was wrong or was having its business damaged by the threat of
investigation, that this is something they should immediately
bring to you?
(Mr Brydon) It would be very helpful. We are not setting
ourselves up as an Ombudsman for all regulated firms, but there
is a risk, and we pointed this risk out very strongly during the
passage of the Bill, the risk that there is a very great deal
of power concentrated in one place, and that if you are a regulated
person, sometimes it feels quite frightening, just in case you
tread over a line you did not intend to tread over. That is why
I was particularly pleased by the remarks that Howard Davies made,
because if the regime is proportionate and thoughtful, and there
is not an attempt to trip people up but an understanding that
in the real world things sometimes go wrong, and very good people
can run organisations, things can still go wrong.
10. So people should come to you with that sort
(Mr Brydon) I think first of all they would go to
their trade association, and if they were not getting satisfaction
and there was no practical support, we are a last line of defence.
But in general, what we say is, if there is a good dialogue between
the trade association and the FSA successfully on an issue, whatever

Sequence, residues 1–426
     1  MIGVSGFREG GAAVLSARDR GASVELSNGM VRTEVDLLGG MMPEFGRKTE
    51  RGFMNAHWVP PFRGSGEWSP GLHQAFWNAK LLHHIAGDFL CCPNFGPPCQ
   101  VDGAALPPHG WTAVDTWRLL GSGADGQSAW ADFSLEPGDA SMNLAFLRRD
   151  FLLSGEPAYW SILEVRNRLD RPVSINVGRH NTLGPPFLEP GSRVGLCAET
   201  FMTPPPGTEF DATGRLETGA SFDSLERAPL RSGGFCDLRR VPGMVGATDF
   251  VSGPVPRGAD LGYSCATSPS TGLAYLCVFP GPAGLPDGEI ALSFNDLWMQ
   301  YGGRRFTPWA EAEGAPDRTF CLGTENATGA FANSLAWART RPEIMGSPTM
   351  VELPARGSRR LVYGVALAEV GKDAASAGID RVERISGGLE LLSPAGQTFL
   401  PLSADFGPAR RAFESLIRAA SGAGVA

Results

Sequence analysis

the issue is, there is not really a role for the Panel. The Panel's
role comes when that relationship has broken down or has become
so adversarial over a particular issue that progress is not being
made in either direction.
11. I ask you this question not in any sense
as a personal attack. It is just a reflection. Have you had any
such comments brought to your attention?
(Mr Brydon) No, but then N2 was only two or three
12. I say that because I have had such comments
brought to my attention by people who are too afraid to go public,
some of whom as soon as they retire say they will go public in
a big way about the treatment they have received. What I am just
observing is that there are already people saying that the checks
put in place on this huge power you have described are porous,
that they are weak, that they are inadequate.
(Mr Brydon) I think we are going to become a significant
communication channel for that issue, whether it is on individual,
specific cases, bearing in mind that we are not setup with any